Customer has asked me to run an extension to their TV Aerial cable. Not
digital, just the normal aerial on the roof.
Cable run will be 15 metres. Is that going to work, or will they need
some sort of signal booster?
Dave - The Medway Handyman www.medwayhandyman.co.uk
Digital *is* normal these days, not that it makes much difference to the
aerial, other than letting you get away with more.
If it works OK now without a booster, chances are good it'll work with
the extension, probably worth a quick check of various channels
beforehand (see if the TV has a strength/quality display) so you don't
get any "it was ok before you touched it" comeback (you presumably don't
have the equipment to measure signal strengths).
Use decent cable (make sure it's copper with braid and foil screen) join
with F plugs+barrel if you can (toolsatan doesn't sell the latter, but
On Friday, 27 June 2014 08:42:46 UTC+1, Andy Burns wrote:
I *presume* TMH means "normal aerial co-ax, not ethernet cable for a computer
(/me sits back and waits for the version of the Yorkshiremen sketch where
people talk about using thin and thick co-ax for computer networks.)
On Friday, June 27, 2014 7:41:32 PM UTC+1, The Medway Handyman wrote:
If the signal is strong, then a passive splitter might work - especially if the signal has already been amplified by a loft or masthead amp.
If not then you'll need a 2-output amp with the existing TV and the extension on separate outputs. Such are available at Argos (and can be taken back if not satisfactory, but in terms of cost per hour it may be better to buy something better to start with)
On 27/06/14 19:56, firstname.lastname@example.org wrote:
I've just daisy chained - mind you I have a dist amp feeding it.
sometimes the reflections are not in any band you care about. Worth a
try with a bit of cable before going mad trying to be too prissy about
(in-ep-toc’-ra-cy) – a system of government where the least capable to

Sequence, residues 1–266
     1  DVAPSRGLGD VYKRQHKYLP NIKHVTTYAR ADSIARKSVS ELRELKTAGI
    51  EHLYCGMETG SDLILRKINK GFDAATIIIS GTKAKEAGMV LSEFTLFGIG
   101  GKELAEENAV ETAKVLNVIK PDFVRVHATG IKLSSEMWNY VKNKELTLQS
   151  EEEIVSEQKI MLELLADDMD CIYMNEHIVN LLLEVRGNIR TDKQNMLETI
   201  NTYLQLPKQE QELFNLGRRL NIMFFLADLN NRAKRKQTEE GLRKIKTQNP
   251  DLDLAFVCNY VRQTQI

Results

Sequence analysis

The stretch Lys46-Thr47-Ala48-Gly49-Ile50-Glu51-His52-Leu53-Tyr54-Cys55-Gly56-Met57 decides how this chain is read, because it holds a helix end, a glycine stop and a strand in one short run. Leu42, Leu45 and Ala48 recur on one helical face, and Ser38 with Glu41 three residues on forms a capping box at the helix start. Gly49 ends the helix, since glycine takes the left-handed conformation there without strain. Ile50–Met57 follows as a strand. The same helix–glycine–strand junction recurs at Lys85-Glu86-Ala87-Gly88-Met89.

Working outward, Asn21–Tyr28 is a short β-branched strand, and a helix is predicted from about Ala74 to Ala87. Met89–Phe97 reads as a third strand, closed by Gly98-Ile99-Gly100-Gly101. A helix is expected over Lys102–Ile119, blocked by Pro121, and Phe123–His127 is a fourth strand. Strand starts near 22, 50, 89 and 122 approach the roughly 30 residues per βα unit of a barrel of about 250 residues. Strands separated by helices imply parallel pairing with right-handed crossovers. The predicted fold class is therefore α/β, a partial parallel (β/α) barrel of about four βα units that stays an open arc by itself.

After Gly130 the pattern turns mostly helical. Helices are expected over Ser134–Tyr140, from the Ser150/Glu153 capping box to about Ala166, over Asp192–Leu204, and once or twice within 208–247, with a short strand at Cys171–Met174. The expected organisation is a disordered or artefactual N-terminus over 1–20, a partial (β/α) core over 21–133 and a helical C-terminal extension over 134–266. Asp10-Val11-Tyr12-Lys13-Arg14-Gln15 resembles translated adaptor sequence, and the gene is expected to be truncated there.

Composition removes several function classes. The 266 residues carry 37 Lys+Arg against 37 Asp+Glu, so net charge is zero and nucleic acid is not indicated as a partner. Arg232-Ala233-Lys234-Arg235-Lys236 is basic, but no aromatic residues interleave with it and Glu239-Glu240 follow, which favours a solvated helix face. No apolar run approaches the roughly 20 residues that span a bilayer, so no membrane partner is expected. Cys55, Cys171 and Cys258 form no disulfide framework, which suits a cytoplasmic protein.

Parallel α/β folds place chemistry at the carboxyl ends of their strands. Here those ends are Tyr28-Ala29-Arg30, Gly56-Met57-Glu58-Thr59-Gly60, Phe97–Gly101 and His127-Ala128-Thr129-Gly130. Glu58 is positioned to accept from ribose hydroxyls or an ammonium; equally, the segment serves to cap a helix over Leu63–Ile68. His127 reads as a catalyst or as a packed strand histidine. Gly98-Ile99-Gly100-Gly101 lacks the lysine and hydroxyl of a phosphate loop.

May I suggest this site for a bit of background:
http://www.aerialsandtv.com/ I found it very informative and some of it
quite amusing. So much so I've bought two aerials from them in the past
couple years despite being in Surrey.
Use a a proper 12V distribution amplifier.
Check the signal strength first at their TV using the relevant menu
option.If it's a modern Freeview TV there will be an option.
If the signal strength shows as 80% or better then OK but if any of the
MUX's (channels) are low or droping out, fix that first.
Chances are that the old aerial is 40+ years old and pointing at the
wrong transmitter and that the aerial lead is similarly cream crackered.
15m of almost any decent UHF TV coax will have a loss of (say) 3dB.
If the customer used get a reasonable analogue picture, presumably they
are having absolutely no problems with your new-fangled digital.
Digital usually gives you perfect pictures with a signal quality quite a
lot worse than you'd be happy with for analogue. In particular, it
typically works down to a much lower signal level (at least 15dB lower),
so even with the additional 3dB loss, it'll probably be fine. However,
before doing anything permanent, you could always simply try adding a
15m lump of coax to the end of the existing coax.
If the customer is likely to want to have the option of using a
TV at either end of the extension, it would be more professional to
connect the extension permanently to the existing coax via a proper
2-way splitter. This will lose you another 4dB, making a total of 7dB at
the far end of the extension. But again, you'll probably get away with
it (and again it's easy to try out before doing the installation). If
the signal does seem to be too low, you could try a low-gain 2-output
amplifier instead of the splitter.
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